Van Tieghem, Philippe
VAN TIEGHEM, PHILIPPE
(b, Balleul, Nord, France, 19 April 1839; d. Paris, France, 28 April 1914)
Van Tieghem’s father, a textile merchant, died in Martinique of yellow fever shortly before the birth of his son; and his mother died immediately afterward. Philipps was their fifth child and was brought up by his uncle and aunt, and later by his sisters. He received his baccalauréat-ès-sciences at the collège of Bailleul in 1856. As a scholarship student at the lycée of Douai, he prepared for the entrance examination to the École Polytechnique but decided instead to take the examination for the École Normale Supéreriure, which he entered in 1858. After passing the agreégation in Physical and natural sciences in 1861, van Tieghem became agreégeé-preéparateur in botany and mineralogy. Under Pasteur’s supervision he prepared a dissertation on ammoniacal fermentation. Since his examiners considered that his research pertained essentially to chemistry, he was granted a doctorate in the physical sciences and not, as he had hoped, in the natural sciences. Wishing to become a botanist, he presented a second dissertation on the Araceae, which earned him the desired degree in 1867.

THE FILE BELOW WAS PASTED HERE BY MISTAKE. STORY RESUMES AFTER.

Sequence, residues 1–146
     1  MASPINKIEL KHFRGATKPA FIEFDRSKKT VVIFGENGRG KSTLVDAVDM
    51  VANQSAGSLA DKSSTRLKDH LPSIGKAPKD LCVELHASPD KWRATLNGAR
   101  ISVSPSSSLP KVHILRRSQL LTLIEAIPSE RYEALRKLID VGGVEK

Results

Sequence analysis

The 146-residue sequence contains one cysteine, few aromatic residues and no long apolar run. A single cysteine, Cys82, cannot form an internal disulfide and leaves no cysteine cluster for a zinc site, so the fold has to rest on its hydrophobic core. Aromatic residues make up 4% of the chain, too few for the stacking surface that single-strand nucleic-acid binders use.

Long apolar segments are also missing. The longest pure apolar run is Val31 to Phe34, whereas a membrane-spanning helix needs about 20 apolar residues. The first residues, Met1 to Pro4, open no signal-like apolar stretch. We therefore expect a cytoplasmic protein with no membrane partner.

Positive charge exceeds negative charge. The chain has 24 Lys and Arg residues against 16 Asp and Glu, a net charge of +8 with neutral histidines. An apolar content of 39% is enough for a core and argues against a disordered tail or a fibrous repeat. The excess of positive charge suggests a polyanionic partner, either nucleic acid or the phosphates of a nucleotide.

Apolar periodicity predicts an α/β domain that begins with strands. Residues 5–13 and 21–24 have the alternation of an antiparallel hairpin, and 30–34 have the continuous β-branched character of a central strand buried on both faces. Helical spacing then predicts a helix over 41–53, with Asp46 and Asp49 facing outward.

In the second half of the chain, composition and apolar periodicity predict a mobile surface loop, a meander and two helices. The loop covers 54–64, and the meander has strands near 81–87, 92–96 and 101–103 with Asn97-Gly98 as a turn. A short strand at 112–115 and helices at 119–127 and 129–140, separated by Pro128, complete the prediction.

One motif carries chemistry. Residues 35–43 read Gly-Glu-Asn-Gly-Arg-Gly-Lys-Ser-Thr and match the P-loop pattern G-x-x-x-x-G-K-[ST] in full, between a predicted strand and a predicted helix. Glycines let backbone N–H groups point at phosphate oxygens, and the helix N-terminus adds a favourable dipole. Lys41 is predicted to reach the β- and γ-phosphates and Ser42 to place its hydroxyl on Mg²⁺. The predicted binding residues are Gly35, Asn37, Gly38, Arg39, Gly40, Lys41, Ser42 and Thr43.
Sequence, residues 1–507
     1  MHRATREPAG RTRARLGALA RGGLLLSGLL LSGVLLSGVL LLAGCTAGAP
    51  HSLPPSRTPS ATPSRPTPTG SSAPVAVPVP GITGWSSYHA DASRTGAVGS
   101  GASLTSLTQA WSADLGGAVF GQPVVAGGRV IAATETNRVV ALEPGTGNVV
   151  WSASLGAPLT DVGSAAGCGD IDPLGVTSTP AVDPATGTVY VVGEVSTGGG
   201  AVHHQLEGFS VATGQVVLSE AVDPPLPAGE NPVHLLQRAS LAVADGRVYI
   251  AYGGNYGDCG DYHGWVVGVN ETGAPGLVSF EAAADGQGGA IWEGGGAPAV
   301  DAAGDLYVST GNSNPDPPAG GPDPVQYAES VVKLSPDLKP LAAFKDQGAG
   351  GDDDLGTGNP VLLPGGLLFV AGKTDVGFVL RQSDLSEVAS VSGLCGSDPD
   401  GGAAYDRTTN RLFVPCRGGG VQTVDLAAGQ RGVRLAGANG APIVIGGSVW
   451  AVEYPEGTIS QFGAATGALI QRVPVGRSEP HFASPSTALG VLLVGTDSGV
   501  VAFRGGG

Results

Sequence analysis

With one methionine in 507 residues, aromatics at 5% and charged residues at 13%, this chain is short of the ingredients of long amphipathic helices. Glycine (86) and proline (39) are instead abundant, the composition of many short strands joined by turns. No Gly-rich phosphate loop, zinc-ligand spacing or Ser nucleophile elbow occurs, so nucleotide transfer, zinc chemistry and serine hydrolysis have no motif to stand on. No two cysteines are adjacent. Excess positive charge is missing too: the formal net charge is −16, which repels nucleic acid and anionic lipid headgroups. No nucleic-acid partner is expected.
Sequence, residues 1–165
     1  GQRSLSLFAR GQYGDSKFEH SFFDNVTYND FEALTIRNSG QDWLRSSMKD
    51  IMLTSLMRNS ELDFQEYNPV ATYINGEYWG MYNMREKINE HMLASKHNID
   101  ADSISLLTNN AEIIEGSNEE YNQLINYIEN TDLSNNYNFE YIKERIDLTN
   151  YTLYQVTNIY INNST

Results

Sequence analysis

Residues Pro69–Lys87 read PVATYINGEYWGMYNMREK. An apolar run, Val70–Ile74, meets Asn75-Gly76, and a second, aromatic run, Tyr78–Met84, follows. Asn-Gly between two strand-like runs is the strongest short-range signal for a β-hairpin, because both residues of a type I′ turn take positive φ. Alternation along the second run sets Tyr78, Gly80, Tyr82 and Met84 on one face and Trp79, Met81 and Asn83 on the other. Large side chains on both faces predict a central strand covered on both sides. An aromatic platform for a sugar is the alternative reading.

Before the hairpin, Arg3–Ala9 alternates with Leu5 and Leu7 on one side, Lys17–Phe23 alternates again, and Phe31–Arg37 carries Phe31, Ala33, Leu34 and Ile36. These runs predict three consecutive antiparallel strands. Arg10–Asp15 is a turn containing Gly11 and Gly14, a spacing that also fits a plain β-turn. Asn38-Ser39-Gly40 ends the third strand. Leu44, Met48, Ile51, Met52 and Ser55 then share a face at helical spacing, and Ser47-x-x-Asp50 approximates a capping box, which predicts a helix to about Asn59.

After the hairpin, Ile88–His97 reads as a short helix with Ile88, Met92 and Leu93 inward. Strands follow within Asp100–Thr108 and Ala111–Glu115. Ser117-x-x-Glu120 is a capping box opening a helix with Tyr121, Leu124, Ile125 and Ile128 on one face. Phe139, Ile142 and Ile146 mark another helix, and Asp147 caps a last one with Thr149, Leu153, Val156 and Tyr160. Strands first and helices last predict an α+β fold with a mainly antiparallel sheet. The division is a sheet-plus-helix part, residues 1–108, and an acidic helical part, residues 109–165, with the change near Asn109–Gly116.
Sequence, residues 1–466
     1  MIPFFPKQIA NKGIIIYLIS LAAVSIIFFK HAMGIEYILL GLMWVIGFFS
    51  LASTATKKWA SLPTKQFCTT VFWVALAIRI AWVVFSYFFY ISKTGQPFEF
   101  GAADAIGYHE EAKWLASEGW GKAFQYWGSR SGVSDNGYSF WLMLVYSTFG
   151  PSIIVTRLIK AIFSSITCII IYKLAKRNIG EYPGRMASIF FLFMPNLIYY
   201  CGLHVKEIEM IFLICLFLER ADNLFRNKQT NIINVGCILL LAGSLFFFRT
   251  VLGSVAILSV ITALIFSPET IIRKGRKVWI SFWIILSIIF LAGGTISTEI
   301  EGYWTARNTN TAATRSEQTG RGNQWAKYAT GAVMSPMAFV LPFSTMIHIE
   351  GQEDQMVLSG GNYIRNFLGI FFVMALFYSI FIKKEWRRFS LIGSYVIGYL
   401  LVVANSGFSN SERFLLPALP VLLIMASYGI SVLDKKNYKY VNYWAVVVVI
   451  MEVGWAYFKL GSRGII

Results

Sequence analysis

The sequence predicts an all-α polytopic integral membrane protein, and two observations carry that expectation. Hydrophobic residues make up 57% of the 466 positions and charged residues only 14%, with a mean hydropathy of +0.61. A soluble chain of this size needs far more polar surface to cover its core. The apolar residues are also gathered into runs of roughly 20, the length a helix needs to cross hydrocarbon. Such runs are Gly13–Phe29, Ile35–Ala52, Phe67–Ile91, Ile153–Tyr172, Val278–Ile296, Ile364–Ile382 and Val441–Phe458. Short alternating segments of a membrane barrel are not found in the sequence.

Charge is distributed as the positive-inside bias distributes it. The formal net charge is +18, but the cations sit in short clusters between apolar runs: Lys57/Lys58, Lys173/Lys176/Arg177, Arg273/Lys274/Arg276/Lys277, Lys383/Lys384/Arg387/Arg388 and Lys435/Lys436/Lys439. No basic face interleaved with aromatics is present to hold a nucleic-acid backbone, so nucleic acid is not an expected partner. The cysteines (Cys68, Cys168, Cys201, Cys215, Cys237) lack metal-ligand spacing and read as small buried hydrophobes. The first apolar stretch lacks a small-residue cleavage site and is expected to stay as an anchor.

When Payer’s chair at the École Normale Supérieure became vacant in 1864, van Tieghem was appointed his successor. Thus, at age twenty-five, he became maître de conférences in botany. From his marriage in 1862 to HélÈne Sarchi he had four daughters and one son.
Because of the variety and the extent of van Tieghem’s 328 recorded writings, a chronological list cannot provide a true picture of his work, Throughout his life he simutanously studied several subjects: and his research covered five fields of botany: cryptogamy, fermentation, anatomy and biology of phanerogams, the application of anatomy to classification, and plant physiology.
In studying plant evolution and the reproduction of fungi, van Tieghem showed the value of using a pure culture of a single spore kept in a liquid medium. The spore must be protected from contamination by an enclosure yet remain accessible to microscopic observation. For his work on these monosperm cultures, van Tieghem was elected to the Académie des Sciences in 1877 and was appointed professor-administrator at the Muséum d’Histoire des Naturellle in May 1879.
Van Tieghem was one of the first to reveal the relationship of blue algae to bacteria. In 1878 he studied “sugar gum” and established that it was a plant that lived on sugar. He described its development and proved that the insoluble substance, an isomer of cellulose, that forms the curd of the gum is excreted by the cells of the organism, which he named Leuconostos mesenteroides.
From 1877 to 1879 van Tieghem investigated Bacillus amylobacter and butyric fermentation. He demonstrated that only the membranes (whether cutinized, suberized, or lignified) of the submerged sections of aquatic plants can resist this bacterium, the role of which in the decomposition of complex organic substances into simple ones was soon confirmed. In collaboration with Bernard Renault, van Tieghem discovered that organisms closely related to Bacillus amylobacter were present in sections of carboniferous plant tissues, where they were preserved by silicification. The two scientists thus established the possibility that coal originated through the same fermentation process occurring in the remote past.